I am providing only a basic overview of this process and so to get a complete idea of what is happening, please refer to published literature.
During MD simulations, one is generally interested in how the system evolves with time (for example, the random motion of atoms cause the system temperature). Therefore, one must have an idea of how time varies for the system being modeled.
To achieve this, a static image of the system is taken, and the positions, force acting on each atom and the velocities are first evaluated. Once done, the system time is advanced (the forces and velocities are integrated to obtain new positions) by a small amount of time (timestep of the simulation) and the resulting system is once again evaluated. As you can see, the system always evolves with time, and at the end of each timestep, the new forces acting on the atoms are evaluated. However when doing this in the real world, the time taken to calculate the system properties from one timestep to another becomes important.
Hence the terms
hours/ns indicates a measure of actual time taken to calculate a
ns of time history in the simulation. However, as you can see, setting the timestep to a value twice as high can change the
ns/day measurement significantly, as only half the amount of timesteps need to be calculated to reach the same simulation time. Similarly, changing the number of atoms or even the inter-atomic interaction model would change this parameter.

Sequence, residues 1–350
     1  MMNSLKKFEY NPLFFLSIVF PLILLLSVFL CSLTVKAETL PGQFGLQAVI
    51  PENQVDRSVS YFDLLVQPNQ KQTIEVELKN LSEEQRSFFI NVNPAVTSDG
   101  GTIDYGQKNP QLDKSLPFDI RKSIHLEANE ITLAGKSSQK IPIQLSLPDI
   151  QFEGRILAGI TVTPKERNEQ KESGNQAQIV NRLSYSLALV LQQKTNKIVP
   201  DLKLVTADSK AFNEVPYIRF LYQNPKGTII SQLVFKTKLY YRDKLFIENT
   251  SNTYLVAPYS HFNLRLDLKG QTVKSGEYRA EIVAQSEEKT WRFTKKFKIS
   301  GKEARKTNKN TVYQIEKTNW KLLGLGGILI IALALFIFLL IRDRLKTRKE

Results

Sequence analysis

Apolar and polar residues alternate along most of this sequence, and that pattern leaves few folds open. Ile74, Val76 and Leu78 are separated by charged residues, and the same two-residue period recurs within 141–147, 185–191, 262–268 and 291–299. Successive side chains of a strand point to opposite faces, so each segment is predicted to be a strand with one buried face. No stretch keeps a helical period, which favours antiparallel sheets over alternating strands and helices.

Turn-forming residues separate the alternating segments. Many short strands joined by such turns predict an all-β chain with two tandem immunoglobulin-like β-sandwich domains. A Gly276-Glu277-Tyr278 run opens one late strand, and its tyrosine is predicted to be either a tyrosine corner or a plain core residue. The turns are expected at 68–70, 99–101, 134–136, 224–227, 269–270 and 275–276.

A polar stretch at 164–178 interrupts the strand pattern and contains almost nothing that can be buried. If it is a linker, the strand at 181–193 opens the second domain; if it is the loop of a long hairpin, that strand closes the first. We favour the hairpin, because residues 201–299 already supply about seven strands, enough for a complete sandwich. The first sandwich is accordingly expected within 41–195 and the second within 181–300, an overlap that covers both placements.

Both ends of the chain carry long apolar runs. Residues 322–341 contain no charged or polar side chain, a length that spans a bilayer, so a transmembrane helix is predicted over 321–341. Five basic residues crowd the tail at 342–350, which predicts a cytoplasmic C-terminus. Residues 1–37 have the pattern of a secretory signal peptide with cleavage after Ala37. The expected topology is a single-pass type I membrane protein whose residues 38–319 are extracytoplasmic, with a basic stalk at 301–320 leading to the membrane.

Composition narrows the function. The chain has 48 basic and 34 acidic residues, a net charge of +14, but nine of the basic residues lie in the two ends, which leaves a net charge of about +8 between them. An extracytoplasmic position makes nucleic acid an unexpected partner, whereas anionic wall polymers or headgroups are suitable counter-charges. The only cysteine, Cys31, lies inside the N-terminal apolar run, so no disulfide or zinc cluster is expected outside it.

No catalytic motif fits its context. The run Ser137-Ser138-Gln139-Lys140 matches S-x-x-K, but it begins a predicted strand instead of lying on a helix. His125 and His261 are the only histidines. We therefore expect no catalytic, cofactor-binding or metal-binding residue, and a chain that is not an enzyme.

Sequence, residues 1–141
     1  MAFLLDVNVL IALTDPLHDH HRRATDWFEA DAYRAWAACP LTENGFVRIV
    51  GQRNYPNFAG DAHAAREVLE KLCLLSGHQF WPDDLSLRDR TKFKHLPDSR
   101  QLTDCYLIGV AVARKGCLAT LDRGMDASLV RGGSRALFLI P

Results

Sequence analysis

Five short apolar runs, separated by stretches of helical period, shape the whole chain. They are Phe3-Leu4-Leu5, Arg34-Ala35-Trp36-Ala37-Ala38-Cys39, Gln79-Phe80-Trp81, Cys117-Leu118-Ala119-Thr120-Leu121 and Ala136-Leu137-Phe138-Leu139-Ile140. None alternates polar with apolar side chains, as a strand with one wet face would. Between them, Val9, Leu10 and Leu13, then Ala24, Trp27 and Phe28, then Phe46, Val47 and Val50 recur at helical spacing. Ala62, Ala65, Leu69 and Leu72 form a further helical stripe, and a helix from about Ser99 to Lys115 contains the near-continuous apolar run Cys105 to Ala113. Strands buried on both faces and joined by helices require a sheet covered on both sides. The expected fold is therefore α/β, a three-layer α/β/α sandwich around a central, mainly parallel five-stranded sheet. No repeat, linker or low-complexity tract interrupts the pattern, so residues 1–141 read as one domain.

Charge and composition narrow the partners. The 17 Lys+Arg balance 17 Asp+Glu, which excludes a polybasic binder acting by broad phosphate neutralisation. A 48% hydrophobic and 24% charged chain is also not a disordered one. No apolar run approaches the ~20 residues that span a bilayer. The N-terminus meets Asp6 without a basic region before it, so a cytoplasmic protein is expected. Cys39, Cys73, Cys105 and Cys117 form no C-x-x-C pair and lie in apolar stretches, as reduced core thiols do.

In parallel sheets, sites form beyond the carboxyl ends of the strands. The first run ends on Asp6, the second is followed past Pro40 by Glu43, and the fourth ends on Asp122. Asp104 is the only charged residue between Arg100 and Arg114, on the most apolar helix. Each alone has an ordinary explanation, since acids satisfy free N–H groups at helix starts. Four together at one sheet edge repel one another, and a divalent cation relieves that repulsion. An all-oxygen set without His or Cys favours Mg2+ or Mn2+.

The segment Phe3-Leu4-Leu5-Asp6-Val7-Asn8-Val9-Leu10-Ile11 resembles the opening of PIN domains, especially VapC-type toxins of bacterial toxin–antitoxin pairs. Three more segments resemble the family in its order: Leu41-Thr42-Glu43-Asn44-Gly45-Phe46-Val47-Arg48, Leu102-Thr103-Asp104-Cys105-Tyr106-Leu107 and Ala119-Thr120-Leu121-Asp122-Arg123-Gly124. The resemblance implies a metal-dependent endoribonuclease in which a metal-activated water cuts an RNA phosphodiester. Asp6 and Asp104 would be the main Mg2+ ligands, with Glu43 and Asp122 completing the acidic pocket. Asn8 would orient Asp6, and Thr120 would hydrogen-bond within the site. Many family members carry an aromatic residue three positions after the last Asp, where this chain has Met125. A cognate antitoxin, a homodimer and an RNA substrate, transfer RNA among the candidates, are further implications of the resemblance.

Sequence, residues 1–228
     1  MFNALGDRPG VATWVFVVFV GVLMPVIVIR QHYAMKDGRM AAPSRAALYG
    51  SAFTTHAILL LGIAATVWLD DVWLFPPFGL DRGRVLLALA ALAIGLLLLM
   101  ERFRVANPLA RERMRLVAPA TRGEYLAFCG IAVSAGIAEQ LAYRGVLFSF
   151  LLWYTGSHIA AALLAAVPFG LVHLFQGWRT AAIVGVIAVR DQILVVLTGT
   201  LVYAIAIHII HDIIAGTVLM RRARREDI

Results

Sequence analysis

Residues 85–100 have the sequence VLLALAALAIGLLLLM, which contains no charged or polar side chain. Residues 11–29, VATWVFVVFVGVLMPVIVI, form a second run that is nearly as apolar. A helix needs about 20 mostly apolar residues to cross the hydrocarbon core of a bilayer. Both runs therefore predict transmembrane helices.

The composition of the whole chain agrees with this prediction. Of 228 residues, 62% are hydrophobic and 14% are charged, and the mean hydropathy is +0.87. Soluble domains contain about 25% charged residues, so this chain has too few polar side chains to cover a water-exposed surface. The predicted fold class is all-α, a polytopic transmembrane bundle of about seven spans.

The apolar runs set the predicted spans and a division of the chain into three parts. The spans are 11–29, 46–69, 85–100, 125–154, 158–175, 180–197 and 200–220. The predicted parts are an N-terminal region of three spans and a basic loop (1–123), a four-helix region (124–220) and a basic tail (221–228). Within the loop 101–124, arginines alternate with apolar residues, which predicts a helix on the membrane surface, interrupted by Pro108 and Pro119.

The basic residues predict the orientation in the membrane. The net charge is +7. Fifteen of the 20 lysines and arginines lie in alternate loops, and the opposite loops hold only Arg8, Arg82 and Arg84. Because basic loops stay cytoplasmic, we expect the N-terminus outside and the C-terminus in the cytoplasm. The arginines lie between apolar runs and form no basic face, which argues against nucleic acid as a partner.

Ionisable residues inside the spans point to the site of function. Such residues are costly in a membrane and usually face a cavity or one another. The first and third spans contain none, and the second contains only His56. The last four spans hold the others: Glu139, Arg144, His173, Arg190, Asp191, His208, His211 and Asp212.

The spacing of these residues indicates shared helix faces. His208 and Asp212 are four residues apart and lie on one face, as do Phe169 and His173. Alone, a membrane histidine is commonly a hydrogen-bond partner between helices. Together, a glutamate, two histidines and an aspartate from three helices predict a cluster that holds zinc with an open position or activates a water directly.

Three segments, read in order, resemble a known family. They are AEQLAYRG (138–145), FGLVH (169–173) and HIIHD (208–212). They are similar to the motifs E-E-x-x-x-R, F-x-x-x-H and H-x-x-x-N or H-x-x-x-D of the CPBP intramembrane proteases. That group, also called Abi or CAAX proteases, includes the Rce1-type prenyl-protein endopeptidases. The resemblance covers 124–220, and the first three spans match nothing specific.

But if you maintain the system size, species, inter-atomic interaction models and timestep, you can now compare the performance between different computer configurations (with and without GPU, varying the number of cores or even two different computers etc.) while you do the calculation.
Also since it seems that you are starting to learn MD, I suggest that you start with a bulk model of a very well established material such as Lennard-Jones (LJ) Argon (its a solid at around 40K ;P). This enables you to use a smaller system size to reduce the computational time, and you can find a significant amount of literature if you search online. Additionally the LJ potential is one of the easiest potentials to work with. But if you find a straightforward tutorial using some other bulk material, go for it without any worries. Try to understand the fundamental concepts.